Office Politics: in most organisations they’re probably unavoidable. But when manoeuvring for power or influence becomes more important to staff or volunteers than your NFP’s purpose or mission, then organisational dysfunction is probably just around the corner.
When a group of people come together in a work context, the strategies and schemes they might employ to their own advantage can be difficult to stamp out. So what can you do as an NFP leader or HR professional to stop office politics taking hold?
With almost 15,000 employees, Facebook has some serious experience with office politics – and they’ve come up with five tactics that they’ve found useful in preventing politics taking hold and keeping their organisational culture healthy.
Ahead of her talk about high-performing teams at the 2016 Not-For-Profit People Conference, the Climate Council’s Chief Operating Officer Katrina Porteus has given us a sneak peek of how the independent climate change organisation built a team that delivers real impact despite its small size.
Giving tough feedback to your team members is an inevitable part of managing staff or volunteers in any NFP, but can be incredibly challenging for a manager. But according to Jack Zenger and Joseph Folkman of US-based leadership development consultancy Zenger/Folkman, these conversations are often harder than they need to be.
We have known for many years that humans are driven by an innate desire to find or foster meaning in what we do, even under the most extreme of conditions. Given how central work is to most people’s lives, it is a key place to seek meaningfulness. Recent research with 135 people in a wide range of jobs set out to discover what they considered meaningful work, how work can be made meaningful, and how this sense of meaningfulness can be erased or destroyed.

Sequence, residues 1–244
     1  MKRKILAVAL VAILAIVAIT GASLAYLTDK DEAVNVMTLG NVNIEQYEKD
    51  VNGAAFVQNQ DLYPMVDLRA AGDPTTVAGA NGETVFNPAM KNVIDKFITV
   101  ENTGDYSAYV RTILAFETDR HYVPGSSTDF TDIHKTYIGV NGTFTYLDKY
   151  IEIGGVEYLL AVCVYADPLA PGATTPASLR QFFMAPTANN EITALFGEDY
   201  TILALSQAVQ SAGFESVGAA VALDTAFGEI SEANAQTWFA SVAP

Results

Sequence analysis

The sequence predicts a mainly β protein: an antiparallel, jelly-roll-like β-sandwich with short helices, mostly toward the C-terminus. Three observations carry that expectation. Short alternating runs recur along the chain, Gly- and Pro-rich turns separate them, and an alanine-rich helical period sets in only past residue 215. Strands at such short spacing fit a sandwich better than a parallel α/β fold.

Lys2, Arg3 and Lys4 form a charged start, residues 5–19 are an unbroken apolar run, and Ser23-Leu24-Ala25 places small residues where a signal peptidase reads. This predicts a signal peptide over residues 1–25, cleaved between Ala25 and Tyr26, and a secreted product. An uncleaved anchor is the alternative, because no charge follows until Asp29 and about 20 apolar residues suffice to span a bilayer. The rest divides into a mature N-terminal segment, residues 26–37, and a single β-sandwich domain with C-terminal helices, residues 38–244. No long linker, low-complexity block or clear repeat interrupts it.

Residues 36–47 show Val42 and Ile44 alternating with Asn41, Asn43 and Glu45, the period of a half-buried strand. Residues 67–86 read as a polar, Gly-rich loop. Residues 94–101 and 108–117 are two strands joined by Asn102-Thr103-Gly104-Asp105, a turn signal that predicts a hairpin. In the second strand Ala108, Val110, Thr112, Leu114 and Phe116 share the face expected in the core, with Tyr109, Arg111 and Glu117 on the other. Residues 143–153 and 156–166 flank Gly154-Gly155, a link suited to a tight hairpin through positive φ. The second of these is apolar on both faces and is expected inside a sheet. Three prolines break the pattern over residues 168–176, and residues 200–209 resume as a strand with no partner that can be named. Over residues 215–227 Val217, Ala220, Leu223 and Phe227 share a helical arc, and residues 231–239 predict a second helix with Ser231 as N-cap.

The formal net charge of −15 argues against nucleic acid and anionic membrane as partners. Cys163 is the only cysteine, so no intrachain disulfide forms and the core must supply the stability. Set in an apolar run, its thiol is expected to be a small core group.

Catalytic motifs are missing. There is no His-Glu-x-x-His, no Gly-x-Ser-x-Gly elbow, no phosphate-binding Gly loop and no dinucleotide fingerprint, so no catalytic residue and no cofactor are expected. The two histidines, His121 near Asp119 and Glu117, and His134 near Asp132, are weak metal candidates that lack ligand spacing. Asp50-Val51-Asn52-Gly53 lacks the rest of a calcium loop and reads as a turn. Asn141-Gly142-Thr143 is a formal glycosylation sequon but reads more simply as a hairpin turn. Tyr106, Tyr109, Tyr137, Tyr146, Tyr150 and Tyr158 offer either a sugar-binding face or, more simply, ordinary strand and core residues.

In the lead-up to his presentation at the 2016 Not-For-Profit People Conference, Monash Business School professor and servant leadership expert Dr Sen Sendjaya shares his insights on servant leadership, including why it’s a particularly powerful approach for NFP organisations.
This is the story of how one fundraising team boosted their weekly productivity by 400 percent.
It wasn’t due to pay rises or catered lunches – or even an inspiring or well-trained manager giving staff the motivation to do their work better. So what was it?
Almost half of all Australians work through their lunch break. And more than a quarter of us – 3.8 million Australians – don’t take a lunch break at all, according to the Australia Institute. But while it might outwardly appear that your lunch-break-skipping staff are admirably committed to their work – and that’s good for your team and your organisation – the real impact is more insidious.
It’s been widely panned as a waste of time, ineffective, and straight-up BS – so why do so many organisations still make their staff participate in brainstorming sessions?
There’s a quieter alternative that research shows is better at yielding more and better ideas.
What makes a good team?
It’s a hard question to answer, and one that’s becoming more and more important given the increasingly collaborative nature of work. But if anyone can provide a valuable answer, it’s Google – and the tech giant has some fascinating insights on what makes the best teams.
If you’re a manager in an Australian NFP, it’s quite likely you haven’t received any formal leadership training. Indeed, one study found that leaders on average only received leadership training a full decade after they started managing people.
But what if there was one simple thing you could do now that would dramatically increase your success as a manager and leader?